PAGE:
The coronavirus is still spreading across the US, infection levels remain high and new variants are putting the progress made so far at risk. “When you see a plateau at a level as high as 60,000 cases a day, that is a very vulnerable time to have a surge, to go back up. That’s what exactly happened in Europe,” Fauci told CNN yesterday.
Europe is struggling to contain the third wave of the epidemic, which appears to have been caused by the new, more infectious and deadlier variant of the virus first identified in the UK. At the same time, the continent has been lagging behind the UK and the US in vaccination rates.
In Germany, officials warned yesterday there is a “very high” risk of a further increase in infections. In France, hospitalizations are again on the rise, with Paris beginning to evacuate around 100 Covid-19 patients from the region over the weekend.
Fauci has warned that the variants threatening Europe right now are present in the US. He said there are ways to prevent the country from finding itself in a similar place in a few weeks’ time.
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Q: Can I hug my vaccinated grandma?
But the new CMS guidelines offer many other new freedoms. Visitors don’t need a negative? Covid-19 test result, nor do they need to show proof of vaccination. The guidelines strongly encourage everyone to get vaccinated though.
“There is no substitute for physical contact, such as the warm embrace between a resident and their loved one. Therefore, if the resident is fully vaccinated, they can choose to have close contact (including touch) with their visitor while wearing a well-fitting facemask,” CMS says on its website.
Visits should be restricted, if the Covid-19 county positivity rate is more than 10% and if less than 70% of the residents in the facility are fully vaccinated.
WHAT’S IMPORTANT TODAY
More European countries halt AstraZeneca vaccinations
At least six European countries have temporarily halted the use of the shot, while seven others suspended vaccination for certain groups or with certain batches of the vaccine. The European Medicines Agency said there was “no indication that vaccination has caused these conditions, which are not listed as side effects with this vaccine.” The agency said “the vaccine’s benefits continue to outweigh its risks” and the vaccine can continue to be administered while investigation of cases of thromboembolic events is ongoing.
The chief investigator on the Oxford vaccine trial, Andrew Pollard, told the BBC this morning there was “very rich, reassuring evidence that there is no increase in a blood clot phenomenon here in the UK, where most of the doses [of the AstraZenecavaccine] in Europe have been given so far.”
Patients’ cough poses serious risk to medical workers
Since the start of the pandemic, the most terrifying task in health care has been thought to bethe insertion of breathing tube down the trachea of a critically ill Covid patient. But a new wave of research now shows that a basic cough produces about 20 times more particles than intubation.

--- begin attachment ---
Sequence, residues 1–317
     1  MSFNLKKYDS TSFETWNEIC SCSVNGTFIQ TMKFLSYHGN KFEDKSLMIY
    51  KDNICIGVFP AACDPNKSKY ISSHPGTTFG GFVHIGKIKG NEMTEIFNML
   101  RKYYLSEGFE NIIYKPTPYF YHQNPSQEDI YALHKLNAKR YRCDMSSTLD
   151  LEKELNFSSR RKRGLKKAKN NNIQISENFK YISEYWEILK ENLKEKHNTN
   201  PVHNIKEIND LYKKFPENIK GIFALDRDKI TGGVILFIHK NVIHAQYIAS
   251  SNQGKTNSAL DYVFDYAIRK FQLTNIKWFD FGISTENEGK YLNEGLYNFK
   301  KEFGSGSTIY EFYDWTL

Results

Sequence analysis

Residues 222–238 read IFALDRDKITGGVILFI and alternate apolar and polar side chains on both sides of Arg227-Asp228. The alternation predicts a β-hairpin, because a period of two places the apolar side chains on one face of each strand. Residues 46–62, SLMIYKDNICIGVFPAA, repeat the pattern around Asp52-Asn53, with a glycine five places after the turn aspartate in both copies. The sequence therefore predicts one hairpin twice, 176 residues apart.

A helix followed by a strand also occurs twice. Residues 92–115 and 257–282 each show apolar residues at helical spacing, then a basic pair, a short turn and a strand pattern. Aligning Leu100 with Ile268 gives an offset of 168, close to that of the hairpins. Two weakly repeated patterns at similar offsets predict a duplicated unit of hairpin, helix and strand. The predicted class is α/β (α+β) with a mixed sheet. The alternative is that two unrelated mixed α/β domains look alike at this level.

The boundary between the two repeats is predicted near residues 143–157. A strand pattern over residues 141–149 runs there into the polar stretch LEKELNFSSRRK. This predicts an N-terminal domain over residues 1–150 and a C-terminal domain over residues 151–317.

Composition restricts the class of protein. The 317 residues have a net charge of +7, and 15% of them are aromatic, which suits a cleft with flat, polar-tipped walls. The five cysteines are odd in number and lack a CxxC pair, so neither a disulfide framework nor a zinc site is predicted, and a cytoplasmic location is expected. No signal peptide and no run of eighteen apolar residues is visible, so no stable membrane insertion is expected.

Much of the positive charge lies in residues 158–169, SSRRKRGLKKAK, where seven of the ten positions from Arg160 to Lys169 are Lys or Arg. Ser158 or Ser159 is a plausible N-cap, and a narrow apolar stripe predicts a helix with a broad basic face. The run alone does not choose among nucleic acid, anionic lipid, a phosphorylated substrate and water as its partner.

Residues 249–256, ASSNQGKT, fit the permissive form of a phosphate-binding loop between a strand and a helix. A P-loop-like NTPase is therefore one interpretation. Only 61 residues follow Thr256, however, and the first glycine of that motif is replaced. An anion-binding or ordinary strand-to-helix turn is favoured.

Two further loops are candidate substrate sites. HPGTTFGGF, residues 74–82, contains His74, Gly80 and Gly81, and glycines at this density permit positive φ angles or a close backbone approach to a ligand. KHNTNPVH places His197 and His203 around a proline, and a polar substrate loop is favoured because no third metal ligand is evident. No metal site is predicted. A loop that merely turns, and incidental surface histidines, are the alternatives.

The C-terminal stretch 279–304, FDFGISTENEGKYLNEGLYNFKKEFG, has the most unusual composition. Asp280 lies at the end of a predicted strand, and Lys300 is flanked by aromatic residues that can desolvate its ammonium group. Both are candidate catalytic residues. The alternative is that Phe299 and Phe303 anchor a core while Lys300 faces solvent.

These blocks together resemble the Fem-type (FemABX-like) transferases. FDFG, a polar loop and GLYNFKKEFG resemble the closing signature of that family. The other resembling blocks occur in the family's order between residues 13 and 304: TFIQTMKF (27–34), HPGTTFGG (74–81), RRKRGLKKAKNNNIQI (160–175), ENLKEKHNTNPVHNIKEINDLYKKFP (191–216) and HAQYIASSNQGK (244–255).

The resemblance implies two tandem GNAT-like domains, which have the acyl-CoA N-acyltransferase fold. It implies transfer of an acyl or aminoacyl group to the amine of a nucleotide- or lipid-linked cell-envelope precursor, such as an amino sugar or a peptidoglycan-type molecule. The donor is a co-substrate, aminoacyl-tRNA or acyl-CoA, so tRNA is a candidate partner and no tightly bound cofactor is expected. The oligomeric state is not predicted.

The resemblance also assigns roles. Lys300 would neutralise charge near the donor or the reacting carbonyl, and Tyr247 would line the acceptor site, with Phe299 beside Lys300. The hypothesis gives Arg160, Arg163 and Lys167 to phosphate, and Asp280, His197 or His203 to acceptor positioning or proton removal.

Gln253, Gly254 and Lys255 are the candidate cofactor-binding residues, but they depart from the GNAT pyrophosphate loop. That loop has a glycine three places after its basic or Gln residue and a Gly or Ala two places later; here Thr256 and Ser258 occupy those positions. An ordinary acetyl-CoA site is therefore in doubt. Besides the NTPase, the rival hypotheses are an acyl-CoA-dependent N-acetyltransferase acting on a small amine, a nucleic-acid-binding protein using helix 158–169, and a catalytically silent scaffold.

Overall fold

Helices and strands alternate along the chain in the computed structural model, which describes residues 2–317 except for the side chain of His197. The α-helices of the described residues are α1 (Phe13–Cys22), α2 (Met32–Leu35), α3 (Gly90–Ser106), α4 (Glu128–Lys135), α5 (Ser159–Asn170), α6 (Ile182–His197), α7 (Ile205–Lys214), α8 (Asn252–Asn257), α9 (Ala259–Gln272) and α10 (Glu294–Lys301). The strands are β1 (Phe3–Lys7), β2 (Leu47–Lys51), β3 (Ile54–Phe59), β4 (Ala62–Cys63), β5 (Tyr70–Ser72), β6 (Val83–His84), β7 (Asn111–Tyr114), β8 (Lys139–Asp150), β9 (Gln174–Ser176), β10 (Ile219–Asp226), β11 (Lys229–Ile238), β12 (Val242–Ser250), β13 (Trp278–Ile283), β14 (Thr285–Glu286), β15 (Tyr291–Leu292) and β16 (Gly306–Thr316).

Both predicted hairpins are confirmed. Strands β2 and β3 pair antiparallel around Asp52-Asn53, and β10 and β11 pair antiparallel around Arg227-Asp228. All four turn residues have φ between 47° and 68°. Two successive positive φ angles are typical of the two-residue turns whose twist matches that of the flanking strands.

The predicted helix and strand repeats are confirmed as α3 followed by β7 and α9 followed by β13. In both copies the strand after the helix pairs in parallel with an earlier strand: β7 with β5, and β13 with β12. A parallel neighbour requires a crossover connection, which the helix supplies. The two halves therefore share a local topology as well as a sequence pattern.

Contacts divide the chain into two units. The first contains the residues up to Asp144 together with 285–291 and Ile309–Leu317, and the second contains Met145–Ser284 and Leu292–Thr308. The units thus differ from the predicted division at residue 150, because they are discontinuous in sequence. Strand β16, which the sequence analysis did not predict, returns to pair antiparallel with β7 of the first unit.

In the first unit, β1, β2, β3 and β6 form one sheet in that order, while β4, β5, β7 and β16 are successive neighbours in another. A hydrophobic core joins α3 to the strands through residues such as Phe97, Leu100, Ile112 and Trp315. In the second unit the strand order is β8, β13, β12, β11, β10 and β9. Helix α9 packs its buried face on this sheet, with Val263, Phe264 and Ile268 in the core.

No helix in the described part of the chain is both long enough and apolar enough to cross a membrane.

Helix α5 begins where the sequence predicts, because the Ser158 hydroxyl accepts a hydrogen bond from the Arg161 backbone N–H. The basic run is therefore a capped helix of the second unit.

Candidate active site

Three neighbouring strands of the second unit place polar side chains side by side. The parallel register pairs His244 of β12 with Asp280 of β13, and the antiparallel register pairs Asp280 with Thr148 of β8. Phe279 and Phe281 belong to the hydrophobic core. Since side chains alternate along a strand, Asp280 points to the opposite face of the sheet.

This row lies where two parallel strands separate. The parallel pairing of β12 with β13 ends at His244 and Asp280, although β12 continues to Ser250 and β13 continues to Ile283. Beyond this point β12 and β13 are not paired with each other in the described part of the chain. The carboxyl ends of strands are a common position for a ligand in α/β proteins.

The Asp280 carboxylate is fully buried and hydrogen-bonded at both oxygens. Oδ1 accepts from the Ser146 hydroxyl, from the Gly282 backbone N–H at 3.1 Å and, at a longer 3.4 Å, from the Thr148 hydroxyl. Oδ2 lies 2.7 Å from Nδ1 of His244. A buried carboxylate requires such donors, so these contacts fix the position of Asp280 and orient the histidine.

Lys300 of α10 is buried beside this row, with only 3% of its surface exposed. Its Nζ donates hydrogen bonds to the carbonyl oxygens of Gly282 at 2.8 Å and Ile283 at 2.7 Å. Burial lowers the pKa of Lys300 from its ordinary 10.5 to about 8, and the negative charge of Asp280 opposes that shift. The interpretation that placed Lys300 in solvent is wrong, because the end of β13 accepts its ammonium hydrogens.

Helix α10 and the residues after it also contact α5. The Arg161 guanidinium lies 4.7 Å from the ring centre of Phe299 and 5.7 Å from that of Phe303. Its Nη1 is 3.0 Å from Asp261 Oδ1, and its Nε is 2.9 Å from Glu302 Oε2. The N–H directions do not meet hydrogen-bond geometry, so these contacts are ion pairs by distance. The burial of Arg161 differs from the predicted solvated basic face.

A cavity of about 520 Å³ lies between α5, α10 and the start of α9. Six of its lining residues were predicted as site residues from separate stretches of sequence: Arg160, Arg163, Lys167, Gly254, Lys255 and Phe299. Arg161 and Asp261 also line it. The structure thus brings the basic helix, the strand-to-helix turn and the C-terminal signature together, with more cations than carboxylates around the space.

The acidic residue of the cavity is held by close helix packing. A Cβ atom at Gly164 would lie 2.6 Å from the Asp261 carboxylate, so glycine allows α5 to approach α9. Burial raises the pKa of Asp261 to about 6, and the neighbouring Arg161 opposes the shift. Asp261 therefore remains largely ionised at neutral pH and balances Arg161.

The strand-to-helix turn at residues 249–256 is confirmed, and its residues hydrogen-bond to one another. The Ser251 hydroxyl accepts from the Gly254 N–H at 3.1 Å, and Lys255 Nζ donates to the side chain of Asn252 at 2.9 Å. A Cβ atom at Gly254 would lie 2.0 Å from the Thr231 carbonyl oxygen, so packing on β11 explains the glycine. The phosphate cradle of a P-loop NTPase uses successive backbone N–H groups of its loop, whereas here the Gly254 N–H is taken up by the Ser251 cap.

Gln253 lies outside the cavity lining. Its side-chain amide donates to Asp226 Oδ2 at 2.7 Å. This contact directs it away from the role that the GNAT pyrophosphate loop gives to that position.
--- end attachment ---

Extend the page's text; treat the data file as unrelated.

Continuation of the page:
New studies show that patients with Covid-19 simply talking or breathing, even in a well-ventilated room, could make workers sick — even if the workers are wearing CDC-sanctioned surgical masks.
The defining photos of the pandemic — and the stories behind them
ON OUR RADAR
- Covid-19 vaccines have the potential to end the worst pandemic in a century — and bring hundreds of billions of dollars in sales for the pharmaceutical companies that make them.
- London police have been criticized for being heavy-handed after officers broke up a vigil for a murdered woman citing breaches of Covid-19 restrictions on protests.
- Childhood vaccinations are seeing “substantial” and “historic” declines amid the pandemic, the CDC director said, urging parents to make sure their children are up to date on their vaccines.
- Those getting their Covid-19 vaccine at Berkshire Community College in Pittsville, Massachusetts, on Saturday were serenaded by famous cellist Yo-Yo Ma.
- Facebook is rolling out a handful of new tools on its platforms to help people get vaccinated against Covid-19.
- Duke University officials issued a stay-in-place order for all undergraduate students as it tries to combat a rapidly escalating epidemic.
- Tanzania’s Prime Minister has dispelled rumors about President John Magufuli’s health after days of wide speculation that he was ill with Covid-19.
- A Stanford scientist’s quest to cure his son could help unravel the mystery of Covid-19 long-haulers.
Covid-19 has spawned another global health crisis that some have dubbed “coronasomnia” — an inability to fall asleep or get good quality slumber during the pandemic.
“We are not going to open doors until we honestly believe we’re ready. And so that’s what happened: we believed that we were ready, and we opened the doors.” — Lisa Herring, Atlanta Public Schools Superintendent